Over the span of the evaluations, these were asked simply how much screen time he has each day. They figure that he averages 45 to 60 minutes per day; from what I’ve observed I believe it higher and nearer to 90 minutes spread through the entire day.
A product / iPad / Android or smartphone has replaced a babysitter and one using one interaction. Most of us lead busy lives and the few minute of some slack it allows seemed to be harmless, approximately they thought.
The speech therapist described for them the info from a recently available Journal of Pediatrics study “Handheld screen time linked with speech delays in young children.” The study “suggests the more time children under 2 years of age spend having fun with smartphones, tablets, and other handheld screens, the more likely they’re to begin talking later.”
“Based on the study, 20 percent of kids under the age of two spend about 30 minutes per day using screens, resulting in a nearly 50 percent increased risk of speech delay.”
This study was completed at the Hospital for Sick Children in Canada by pediatricians who examined screen time and its effects on 900 children between 6 months and couple of years old.
The outcomes of the analysis demonstrated that there’s a 49% increased potential for delayed speech for each extra 30 minutes spent using a touchscreen, be it a tablet, iPad, iPhone or Android device.
Consider this for some moments:
• 10% of US children under the age of 2 used tablets or smartphones in 2011, the one-year anniversary of the introduction of the iPad.
• By 2013, 40% of kids 2 and under had use of a tablet or smartphone.
• By 2015, 58% of children under age two had used a tablet or mobile phone.
In accordance with a Nielsen Study, a lot more than 70 percent of children under 12 use tablets and iPads. A recent Journal of Pediatrics study showed that:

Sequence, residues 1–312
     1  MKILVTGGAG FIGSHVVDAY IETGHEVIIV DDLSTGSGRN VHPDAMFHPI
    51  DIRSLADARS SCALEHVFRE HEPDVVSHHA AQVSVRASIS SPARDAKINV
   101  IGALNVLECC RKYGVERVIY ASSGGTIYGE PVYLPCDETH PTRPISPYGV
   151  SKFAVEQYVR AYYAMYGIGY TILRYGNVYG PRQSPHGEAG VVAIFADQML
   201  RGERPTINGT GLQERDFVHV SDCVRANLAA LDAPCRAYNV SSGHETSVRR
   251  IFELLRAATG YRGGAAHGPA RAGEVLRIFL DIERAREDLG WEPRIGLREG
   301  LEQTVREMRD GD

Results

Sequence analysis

• 20% of 1-year-olds own a tablet.
• 28% of 2-year-olds could navigate a portable device without assistance.
• 28% of parents said they work with a mobile device to put their kids to sleep.
The rate of adoption of tablets, iPads, and smartphones by kids under age 3 has grown more than 5x in 4 years with and the unknown impact on their cognitive development.
There’s little scientific data on the effects of long-term utilization of tablets, iPads, and smartphones; although studies are underway.
Optometrists are seeing a sharp increase in young children with myopia (short-sightedness). The World Health Organization has documented that nearsightedness keeps growing at an alarming rate worldwide and screen use is really a well-accepted contributing factor resulting from the first introduction of handheld devices to kids.
Interactive screens such as iPads, tablets, and smartphones are known to disrupt sleep. The blue light emitted by the super-sharp displays prevents the release of melatonin, an important sleep hormone, which interferes with the natural bodily rhythms, resulting in sleep disturbances in both adults and children from their use.
Blue light is damaging because it’s the highest energy wavelength of visible light. This energy can be able to penetrate all how you can the trunk of the eye, through the eyes’natural filters, and this is the issue. Long-term exposure causes damage to the retina.
Presently, there’s broad, in-depth research about television exposure and kids, but little in-depth, long-term research on the impact of interactive screens from smartphones, iPads and Android tablets. Studies are presently underway; however, the jury is still out.
Pediatricians and child development experts concur that while passive screen time before a TV or an iPad or tablet for a 30-minute session of videos games or’educational’games could be entertaining, it is not going to provide a rich learning experience or develop fine or gross motor skills. And you can find developmental and cognitive risks.
Research has confirmed that having a video or TV running in the background negatively affects their development when a child is engaged in play and learning. This can be a distraction from the duty available and lowers their concentration.
Studies have confirmed that hours of background TV decreases child-parent interaction, which sets back a child’s language development.
This can be a big concern: if children are left with screen-based babysitters such as for instance tablets, iPads, and smartphones, they’re not reaching parents and siblings or the real world.
You will find only so much time per day, and the full time spent on screens comes at a high price, taking time from better activates that develop fine and gross motor skills, expand their knowledge and skill sets, build social skills and expand verbal language abilities.